Shearing: Methods

Shearing: the basics | Preparation  | Methods  | Pricing | REQUEST SHEARING | 2014 Schedule

Alpacas: I use the the ropes shearing restraint system and shear alpacas on a soft mat. This is a very safe and quick method, and causes minimal stress to the animal.  I bring a headholder, and ask you to be ready to perform fiber collection, with bags labelled for firsts, seconds, thirds, and baggies for micron testing, if so desired.  I include hoof trims in the process, and can also do tooth trimming if you wish (also included in cost); for this I use a dremel and take care to sculpt the teeth so as not to leave sharp edges.

Llamas: I normally shear llamas standing up. Please have a fitting halter and a lead rope available for the llama. If you can provide a chute, this can be helpful but is not essential.  One helper is required to ensure that both shearer and animal are kept safe.  About one in every hundred llamas simply will not tolerate being handled and becomes so violent and agitated that safe removal of the fleece is not possible.  In these cases, the safest approach is to request a sedative from your veterinarian (or request that your veterinarian be present).  A chute can also greatly help in such a situation.

Sheep: I normally shear using the New Zealand method (animal on the ground), because this allows for maximum efficiency of movement and maximum stretch of skin (and thus minimal chance of nicking).  Some older and some very overweight animals do not tolerate being turned on their bottoms and I can shear them standing, if you wish.

Goats: I have sheared goats on a fitting stand, on the ground New Zealand style, and tied with ropes like an alpaca.  My preferred method is to shear goats like alpacas.  I have found this is the least stressful to them, and gets the cleanest fiber cut.  I ordinarily use 20 tooth combs to shear goats, because this greatly reduces the chances of cutting their very thin skin.  The downside is that such a densely-toothed comb takes longer to move through the fiber, especially greasy angora fiber.  Most owners seem to prefer that their animals not be cut to the advantage of speed.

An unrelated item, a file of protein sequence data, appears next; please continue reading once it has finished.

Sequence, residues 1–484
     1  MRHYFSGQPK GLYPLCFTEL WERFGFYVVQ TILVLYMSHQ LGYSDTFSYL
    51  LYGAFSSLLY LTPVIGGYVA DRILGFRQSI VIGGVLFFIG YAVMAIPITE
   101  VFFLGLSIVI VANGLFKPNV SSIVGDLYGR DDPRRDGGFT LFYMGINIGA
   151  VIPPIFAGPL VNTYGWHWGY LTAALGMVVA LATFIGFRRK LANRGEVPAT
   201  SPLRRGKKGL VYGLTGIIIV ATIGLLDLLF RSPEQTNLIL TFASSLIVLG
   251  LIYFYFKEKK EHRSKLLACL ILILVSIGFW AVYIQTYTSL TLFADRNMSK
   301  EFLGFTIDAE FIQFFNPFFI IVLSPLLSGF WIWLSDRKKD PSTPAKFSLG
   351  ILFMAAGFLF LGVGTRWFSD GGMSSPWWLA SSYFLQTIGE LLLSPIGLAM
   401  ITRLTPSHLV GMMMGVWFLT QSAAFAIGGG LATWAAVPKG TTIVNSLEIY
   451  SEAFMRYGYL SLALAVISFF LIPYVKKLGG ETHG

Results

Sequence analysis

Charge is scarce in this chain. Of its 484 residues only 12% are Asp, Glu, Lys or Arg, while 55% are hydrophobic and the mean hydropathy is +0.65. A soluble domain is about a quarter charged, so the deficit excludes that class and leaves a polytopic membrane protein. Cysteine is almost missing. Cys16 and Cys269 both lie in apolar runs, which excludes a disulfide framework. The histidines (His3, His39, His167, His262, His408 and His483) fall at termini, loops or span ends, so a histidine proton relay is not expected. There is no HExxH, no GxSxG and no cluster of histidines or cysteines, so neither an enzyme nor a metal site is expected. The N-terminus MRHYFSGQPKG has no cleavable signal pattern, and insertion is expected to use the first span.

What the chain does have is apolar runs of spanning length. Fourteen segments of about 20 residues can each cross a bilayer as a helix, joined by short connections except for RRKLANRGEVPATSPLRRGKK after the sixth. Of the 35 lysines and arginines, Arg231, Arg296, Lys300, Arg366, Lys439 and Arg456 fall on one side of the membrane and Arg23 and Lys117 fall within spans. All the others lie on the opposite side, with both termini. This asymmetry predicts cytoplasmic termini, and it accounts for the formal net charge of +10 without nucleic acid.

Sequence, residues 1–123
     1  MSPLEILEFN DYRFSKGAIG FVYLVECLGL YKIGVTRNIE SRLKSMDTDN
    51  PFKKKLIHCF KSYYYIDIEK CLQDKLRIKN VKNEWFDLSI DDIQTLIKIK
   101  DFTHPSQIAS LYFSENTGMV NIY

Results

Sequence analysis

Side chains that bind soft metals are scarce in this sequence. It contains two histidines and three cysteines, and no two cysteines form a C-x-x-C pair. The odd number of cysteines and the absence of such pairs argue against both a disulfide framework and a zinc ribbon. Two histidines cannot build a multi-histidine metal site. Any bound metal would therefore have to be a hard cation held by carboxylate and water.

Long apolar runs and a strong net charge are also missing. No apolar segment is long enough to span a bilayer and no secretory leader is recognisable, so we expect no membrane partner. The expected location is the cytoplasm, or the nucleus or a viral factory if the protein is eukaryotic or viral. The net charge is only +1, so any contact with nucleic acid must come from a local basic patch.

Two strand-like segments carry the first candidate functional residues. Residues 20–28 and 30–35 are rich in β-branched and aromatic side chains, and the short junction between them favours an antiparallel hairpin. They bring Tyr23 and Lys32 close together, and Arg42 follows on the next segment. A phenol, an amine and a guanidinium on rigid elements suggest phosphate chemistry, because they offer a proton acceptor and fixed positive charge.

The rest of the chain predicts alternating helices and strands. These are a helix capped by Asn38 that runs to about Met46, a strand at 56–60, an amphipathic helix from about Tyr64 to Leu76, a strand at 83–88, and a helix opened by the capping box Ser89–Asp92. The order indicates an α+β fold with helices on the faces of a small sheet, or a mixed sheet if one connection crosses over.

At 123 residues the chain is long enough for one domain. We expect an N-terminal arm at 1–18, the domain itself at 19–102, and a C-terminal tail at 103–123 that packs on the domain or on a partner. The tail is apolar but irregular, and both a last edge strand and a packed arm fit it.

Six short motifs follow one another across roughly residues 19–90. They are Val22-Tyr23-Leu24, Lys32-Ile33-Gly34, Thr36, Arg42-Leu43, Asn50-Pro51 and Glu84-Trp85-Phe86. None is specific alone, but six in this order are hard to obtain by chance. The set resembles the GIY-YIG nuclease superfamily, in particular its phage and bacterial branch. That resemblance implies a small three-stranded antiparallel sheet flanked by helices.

Pigs:  No, I don’t shear pigs!  But occasionally people ask me to trim their pigs’ hooves and I am happy to do this provided the pigs can be adequately restrained.  Pigs do not enjoy this process, even though it is not painful, so you should be prepared for some loud vocalizations.

I am not equipped to trim cow or horses’ hooves, but am glad to make referrals.

Philosophy

Fiber animals need to have their fiber removed on a regular basis in order to remain healthy.   This process need not be stressful or unpleasant, but sometimes past bad experiences make an animal wary, fearful, or even violent.  I love animals and will treat your with the same care that I do my own.   I try to work quickly and efficiently, but speed is not my primary goal:  safe and painless removal of the fleece is, and sometimes this requires taking a break or changing the shearing position in order to accommodate your animal’s particular needs, or even talking or singing to the animal.  I shear for both pet/hobby flocks and production flocks, and I use the accepted professional shearing methods, but I am not a “production shearer”.

Shearing time is a good time to evaluate your animal’s body condition.  I am not trained in veterinary medicine, and so any observations I may report to you are from a shepherd’s point of view – but shearing allows me access to most of the exterior areas of your animal and so it is an optimal time to do close observation and I will be glad to report to you anything that I see.  I encourage you to stay close by during shearing so that you can also observe.  Ordinarily I also do hoof trims at the same time, but I do not recommend administering medications or deworming your animals on the same day as shearing.

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